By Travis Fain
General Assembly Republicans won't sign off on Gov. Terry McAuliffe's pick for the state Supreme Court, they announced late Sunday, going instead with Appeals Court Judge Rossie D. Alston.
McAuliffe's press office responded Monday morning, saying the decision was "without precedent in Virginia history." The administration didn't learn about the move until shortly before the GOP press release -- which the Daily Press received via email at 10:20 p.m. Sunday -- went out, spokesman Brian Coy said.
McAuliffe appointed Fairfax Judge Jane Marum Roush to the state's highest court last week, filling a vacancy that came up Aug. 1. With the legislature out of session, McAuliffe could take his pick. But to serve for very long Roush needed the General Assembly to elect her.
Speaker of the House William Howell and Senate Majority Leader Thomas K. "Tommy" Norment said in their joint press release Sunday that the caucuses want Alston instead.
Republicans hold two-thirds of the House of Delegates and a narrow majority in the state Senate. They're slated to come back into session Aug. 17. They were called there by McAuliffe, to redraw the 3rd Congressional District, which a panel of federal court judges has twice held unconstitutional.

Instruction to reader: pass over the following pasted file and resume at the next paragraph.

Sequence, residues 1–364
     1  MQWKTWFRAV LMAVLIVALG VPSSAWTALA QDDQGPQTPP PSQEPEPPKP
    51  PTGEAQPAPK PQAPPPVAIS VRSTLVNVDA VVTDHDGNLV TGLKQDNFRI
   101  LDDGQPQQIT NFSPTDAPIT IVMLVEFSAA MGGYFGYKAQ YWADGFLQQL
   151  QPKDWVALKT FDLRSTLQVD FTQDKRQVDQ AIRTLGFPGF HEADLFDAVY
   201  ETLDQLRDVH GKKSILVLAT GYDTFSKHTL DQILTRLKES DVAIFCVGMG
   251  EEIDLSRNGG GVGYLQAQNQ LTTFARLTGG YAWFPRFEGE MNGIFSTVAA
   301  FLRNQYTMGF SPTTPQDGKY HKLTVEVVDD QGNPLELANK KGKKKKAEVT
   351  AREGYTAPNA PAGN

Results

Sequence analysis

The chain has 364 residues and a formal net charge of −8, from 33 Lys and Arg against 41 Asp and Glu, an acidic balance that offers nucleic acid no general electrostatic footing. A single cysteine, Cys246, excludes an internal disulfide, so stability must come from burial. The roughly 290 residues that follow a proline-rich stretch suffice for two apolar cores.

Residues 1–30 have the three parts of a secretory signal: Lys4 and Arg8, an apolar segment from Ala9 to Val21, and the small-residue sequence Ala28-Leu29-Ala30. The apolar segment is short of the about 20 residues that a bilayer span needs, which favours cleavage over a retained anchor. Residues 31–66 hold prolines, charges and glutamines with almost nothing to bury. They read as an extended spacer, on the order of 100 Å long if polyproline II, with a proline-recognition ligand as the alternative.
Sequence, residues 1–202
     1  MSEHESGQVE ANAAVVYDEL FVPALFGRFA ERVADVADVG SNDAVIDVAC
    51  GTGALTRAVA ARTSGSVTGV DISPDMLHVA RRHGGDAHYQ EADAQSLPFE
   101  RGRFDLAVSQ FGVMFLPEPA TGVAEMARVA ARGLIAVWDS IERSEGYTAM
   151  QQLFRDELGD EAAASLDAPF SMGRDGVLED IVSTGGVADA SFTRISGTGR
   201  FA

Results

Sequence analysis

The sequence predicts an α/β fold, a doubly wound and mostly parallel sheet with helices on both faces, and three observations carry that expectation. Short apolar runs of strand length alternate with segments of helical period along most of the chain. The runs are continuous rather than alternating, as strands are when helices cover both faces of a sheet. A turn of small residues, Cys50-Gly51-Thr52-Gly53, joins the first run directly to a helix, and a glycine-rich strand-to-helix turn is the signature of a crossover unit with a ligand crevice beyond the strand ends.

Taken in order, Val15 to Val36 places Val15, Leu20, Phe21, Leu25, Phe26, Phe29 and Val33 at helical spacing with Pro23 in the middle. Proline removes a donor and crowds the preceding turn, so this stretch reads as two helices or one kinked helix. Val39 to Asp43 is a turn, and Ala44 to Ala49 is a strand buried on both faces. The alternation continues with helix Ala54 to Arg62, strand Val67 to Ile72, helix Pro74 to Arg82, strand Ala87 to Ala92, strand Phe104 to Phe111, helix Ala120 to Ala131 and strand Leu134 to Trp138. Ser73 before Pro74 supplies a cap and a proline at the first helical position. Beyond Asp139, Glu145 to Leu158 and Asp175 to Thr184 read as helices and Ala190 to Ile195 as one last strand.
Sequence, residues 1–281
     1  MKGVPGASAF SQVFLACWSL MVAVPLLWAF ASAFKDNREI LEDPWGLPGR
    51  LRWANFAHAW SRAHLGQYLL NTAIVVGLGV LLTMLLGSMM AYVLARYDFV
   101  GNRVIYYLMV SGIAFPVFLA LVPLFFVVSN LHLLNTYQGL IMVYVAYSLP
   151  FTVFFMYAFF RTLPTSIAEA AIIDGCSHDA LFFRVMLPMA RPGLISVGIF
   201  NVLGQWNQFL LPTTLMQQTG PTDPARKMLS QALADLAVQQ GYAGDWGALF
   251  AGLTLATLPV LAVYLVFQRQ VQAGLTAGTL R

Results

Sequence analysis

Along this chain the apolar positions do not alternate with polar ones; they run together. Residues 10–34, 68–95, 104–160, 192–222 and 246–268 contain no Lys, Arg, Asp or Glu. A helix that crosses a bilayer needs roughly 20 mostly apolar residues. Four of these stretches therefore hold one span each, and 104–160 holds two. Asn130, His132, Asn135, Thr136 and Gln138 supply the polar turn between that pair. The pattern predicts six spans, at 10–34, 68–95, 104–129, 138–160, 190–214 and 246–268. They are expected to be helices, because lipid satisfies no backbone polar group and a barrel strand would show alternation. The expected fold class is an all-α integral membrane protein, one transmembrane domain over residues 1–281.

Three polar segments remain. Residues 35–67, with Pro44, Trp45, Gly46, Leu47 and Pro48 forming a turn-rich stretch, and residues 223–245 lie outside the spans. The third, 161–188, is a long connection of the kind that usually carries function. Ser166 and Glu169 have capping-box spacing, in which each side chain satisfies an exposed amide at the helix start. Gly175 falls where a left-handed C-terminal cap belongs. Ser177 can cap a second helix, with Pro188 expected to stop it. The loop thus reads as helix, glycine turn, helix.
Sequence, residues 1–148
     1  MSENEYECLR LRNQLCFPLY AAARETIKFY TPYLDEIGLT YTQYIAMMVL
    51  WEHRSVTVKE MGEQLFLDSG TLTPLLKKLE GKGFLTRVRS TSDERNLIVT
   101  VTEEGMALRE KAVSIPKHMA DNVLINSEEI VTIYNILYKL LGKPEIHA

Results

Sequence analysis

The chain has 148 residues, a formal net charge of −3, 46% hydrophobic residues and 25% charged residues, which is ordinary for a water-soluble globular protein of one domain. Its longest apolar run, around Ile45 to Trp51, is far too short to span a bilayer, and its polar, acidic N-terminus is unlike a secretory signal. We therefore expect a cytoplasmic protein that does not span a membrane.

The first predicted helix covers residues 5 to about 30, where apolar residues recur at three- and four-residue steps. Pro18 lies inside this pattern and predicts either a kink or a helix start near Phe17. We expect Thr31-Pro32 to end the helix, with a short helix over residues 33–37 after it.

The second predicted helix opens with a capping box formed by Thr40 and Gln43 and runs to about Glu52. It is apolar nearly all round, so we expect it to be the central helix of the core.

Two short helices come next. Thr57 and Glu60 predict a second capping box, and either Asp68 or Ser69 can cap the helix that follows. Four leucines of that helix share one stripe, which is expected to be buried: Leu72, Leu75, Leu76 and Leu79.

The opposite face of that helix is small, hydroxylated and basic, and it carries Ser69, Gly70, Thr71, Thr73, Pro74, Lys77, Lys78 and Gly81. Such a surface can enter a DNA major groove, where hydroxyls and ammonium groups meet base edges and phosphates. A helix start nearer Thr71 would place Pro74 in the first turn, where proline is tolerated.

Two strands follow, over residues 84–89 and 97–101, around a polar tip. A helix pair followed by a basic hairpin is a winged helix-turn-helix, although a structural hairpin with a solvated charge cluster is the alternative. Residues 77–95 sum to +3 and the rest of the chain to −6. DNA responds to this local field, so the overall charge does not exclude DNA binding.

"Judge Alston has earned widespread support in the House, and it is our intention to elect him when the special session convenes," Howell said in a joint statement with Norment late Sunday.
"The Constitution of Virginia vests the authority to elect judges with the General Assembly," Norment, R-James City, said in the statement. "Although Governor McAuliffe has designated a different candidate, who is also highly qualified, a consensus has developed among the members of the Senate Republican Caucus that Judge Alston should fill this vacancy. As a result, I expect Judge Alston will be elected to the Virginia Supreme Court during the special session."
When Roush's appointment was announced last Monday, McAuliffe had the backing of the legislature's Fairfax delegation, including House Courts of Justice Chairman David Albo, R-Springfield. The adminstration worked the phones during the day, seeking the greater support that it apparently did not get. Roush made calls as well, Coy said.
Coy also said General Assembly leaders were informed of Roush's appointment before it broke in the Richmond Times Dispatch, which published the news online the Friday evening before Roush's formal introduction Monday.
"Republicans' decision to throw a distinguished jurist of 23 years off of the Supreme Court with no job to return to is without precedent in Virginia history," Coy said in a statement Monday morning. "It is no surprise that Republicans in the General Assembly would politicize this process, but it's a tragedy that it will cost Virginia the service of a qualified female Supreme Court justice."
The Supreme Court vacancy came up when Justice LeRoy F. Millette Jr. retired early. Court terms run 12 years.
Assuming Alston replaces Millette, it will not be the first time. He followed Millette as chief judge in Prince William County, according to The Washington Post in 2007. He also followed Millette onto the Court of Appeals in 2009.
Alston's appointment would open a seat on the Virginia Court of Appeals, which the General Assembly would also fill, though depending on the timing McAuliffe may be able to make an appointment first.
(c)2015 the Daily Press (Newport News, Va.)